The manner in which quite a number of religions of the past have been eliminated for popular Christianity and Islam which expanded through the economy, quite a number of languages had been conquered by the Arabic language too.

The dominance of currency itself is thus by economic strength and not religious strength, the strength of US Dollars and Euros, Pounds are instances of economic strengths (imperialism).

Therefore, again, we can no longer conclude that the English language is Christian nor that Arabic is Islam. There is a number of persons speaking these languages at diverse locations of the world and with diverse religious affiliations, including atheists, just like the theists and deists. The strength and dominance of any language are in the economy it commands, including the countries it colonizes with this strength. A picture of the gradual extinction of Native Nigerian languages for the English language comes to mind.

Now, what is the case of Nigeria? One may be tempted to merely agree with the lawyer in question that Arabic is not our official language and enough reason to strike the inscriptions out of the currencies and of the Army logo. But, what really determines our officiality in Nigeria except by the measures of those who colonized us and still does so through neo-colonization. As a nationalist too, one may not dwell in advocating those things that divide us despite the amalgamation we portray by mere political geography, but as an advocate of international unity, can we ever have all language of the world on our currency notes? That seems cumbersome, but can we not have a global logo on them instead? The latter is neither seen coming too until a global unity is in view.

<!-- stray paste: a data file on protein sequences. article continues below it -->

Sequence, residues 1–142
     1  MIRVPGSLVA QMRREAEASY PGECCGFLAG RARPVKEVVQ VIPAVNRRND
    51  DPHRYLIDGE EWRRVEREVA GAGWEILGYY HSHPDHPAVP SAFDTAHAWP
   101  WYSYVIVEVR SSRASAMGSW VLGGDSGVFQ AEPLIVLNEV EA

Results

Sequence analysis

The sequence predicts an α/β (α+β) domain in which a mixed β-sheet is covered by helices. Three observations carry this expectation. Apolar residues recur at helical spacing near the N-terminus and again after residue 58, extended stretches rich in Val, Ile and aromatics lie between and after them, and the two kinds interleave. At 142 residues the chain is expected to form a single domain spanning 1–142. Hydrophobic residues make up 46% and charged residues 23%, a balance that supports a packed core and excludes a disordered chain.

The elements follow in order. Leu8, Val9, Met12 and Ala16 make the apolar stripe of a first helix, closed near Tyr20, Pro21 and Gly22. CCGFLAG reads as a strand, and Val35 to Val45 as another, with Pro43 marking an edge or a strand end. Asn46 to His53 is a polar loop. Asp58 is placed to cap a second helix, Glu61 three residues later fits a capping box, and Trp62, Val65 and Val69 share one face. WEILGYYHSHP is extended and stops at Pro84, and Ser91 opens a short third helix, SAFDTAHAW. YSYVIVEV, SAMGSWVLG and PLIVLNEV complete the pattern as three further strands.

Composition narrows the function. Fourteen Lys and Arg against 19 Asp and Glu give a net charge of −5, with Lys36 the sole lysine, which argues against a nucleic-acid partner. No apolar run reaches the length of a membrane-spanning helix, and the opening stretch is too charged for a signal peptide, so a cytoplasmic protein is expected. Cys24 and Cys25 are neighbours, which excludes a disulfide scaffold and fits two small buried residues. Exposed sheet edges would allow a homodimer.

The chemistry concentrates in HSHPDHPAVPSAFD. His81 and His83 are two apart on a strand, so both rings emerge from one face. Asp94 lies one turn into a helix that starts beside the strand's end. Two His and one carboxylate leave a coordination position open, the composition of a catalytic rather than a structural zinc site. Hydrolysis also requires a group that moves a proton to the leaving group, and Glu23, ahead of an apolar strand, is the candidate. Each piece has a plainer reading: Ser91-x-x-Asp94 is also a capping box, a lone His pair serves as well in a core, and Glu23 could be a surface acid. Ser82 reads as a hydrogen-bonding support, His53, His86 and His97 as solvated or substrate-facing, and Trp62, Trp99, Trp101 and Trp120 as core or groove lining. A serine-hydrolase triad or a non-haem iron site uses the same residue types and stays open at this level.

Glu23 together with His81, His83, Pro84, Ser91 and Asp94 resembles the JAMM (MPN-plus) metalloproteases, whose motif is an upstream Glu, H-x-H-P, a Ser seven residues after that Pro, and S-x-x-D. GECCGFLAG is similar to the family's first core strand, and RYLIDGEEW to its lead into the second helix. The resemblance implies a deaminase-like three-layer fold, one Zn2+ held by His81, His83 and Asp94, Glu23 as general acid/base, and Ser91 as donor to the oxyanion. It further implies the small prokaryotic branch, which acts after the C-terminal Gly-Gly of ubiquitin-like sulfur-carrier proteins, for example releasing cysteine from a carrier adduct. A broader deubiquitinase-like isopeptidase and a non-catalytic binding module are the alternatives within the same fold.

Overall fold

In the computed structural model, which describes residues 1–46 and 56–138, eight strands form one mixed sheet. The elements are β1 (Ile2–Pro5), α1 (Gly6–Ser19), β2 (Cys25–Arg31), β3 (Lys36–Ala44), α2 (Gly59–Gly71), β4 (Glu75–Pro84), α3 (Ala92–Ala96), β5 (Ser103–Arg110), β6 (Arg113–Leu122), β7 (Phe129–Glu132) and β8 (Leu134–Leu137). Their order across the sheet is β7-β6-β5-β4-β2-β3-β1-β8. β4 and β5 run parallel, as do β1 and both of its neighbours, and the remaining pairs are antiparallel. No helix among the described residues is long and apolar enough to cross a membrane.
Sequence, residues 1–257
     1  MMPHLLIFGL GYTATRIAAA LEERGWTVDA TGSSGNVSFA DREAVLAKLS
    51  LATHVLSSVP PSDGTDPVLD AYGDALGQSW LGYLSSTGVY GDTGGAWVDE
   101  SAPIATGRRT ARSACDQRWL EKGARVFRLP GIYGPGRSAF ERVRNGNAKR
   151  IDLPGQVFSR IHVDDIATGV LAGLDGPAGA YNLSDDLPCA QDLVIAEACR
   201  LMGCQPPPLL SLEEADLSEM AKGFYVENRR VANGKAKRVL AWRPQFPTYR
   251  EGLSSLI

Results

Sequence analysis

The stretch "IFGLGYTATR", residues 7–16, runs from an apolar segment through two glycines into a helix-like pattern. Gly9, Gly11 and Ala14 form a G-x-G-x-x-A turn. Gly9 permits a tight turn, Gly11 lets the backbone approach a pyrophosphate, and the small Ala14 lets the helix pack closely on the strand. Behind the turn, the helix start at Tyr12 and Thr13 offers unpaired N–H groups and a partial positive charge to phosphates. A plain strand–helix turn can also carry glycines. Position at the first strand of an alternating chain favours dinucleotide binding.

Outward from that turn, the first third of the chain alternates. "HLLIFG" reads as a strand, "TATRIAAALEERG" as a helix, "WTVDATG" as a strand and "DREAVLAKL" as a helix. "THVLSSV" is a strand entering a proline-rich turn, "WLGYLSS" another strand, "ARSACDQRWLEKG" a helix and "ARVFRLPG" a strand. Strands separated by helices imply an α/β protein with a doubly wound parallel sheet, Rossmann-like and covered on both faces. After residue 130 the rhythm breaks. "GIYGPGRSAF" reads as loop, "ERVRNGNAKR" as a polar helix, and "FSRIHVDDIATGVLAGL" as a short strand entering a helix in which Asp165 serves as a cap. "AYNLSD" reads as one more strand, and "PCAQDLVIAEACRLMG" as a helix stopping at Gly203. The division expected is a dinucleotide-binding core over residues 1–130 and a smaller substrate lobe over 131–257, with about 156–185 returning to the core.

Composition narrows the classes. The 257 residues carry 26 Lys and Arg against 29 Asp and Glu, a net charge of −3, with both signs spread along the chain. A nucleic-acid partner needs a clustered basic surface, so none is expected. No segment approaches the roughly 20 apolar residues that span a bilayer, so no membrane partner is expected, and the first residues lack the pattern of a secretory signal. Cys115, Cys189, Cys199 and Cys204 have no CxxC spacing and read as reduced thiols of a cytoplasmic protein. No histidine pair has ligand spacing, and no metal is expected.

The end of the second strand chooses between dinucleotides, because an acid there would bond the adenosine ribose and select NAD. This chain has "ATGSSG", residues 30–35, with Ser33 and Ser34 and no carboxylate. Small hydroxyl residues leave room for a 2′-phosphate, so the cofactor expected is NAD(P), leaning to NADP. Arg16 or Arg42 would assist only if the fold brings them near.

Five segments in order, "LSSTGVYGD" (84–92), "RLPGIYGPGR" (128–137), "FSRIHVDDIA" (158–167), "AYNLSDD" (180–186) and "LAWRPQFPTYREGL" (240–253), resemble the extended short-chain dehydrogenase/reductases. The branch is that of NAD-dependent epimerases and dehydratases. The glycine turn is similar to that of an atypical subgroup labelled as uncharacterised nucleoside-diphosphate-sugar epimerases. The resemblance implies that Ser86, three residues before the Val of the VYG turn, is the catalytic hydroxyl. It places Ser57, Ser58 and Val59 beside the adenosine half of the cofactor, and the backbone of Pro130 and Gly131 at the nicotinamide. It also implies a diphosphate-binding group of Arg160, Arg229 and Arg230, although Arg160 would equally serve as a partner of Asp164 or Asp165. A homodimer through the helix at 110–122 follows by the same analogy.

Then, I think we may question that, if not Yoruba, Igbo and Hausa as official languages even in our own country, why foreign language like English? If Nigeria adopts it as official, what stops the world from adopting it as an official universal language?

As much as the Arabic inscriptions on our currencies and army logo explain the history of our colonization, borne out of world political economy carried out by the imperialists, including the Arab members, we may say it also informs unity of Nigerian people with the Arabian people. Although this may not be the essence for the colonial and post-colonial rulers.

Rather than discussing how to merely divide Nigerian people from the Arabs by expunging the inscriptions, can we discuss our colonization that has been made official too?

Disconnecting from the Arabs is as similar as having the Yorubas deciding to pull away from Hausas or Igbos too, and relatively vice versa. But does that solve either of the problems confronting these ethnic regions as a people? Similarly, does the expunging solve the Numerous Nigerian upheavals? One doubts that it ever limits the Arabians by an inch neither.

Gbenga oloniniran-Von can be reached via gbengaoloniniran@gmail.com.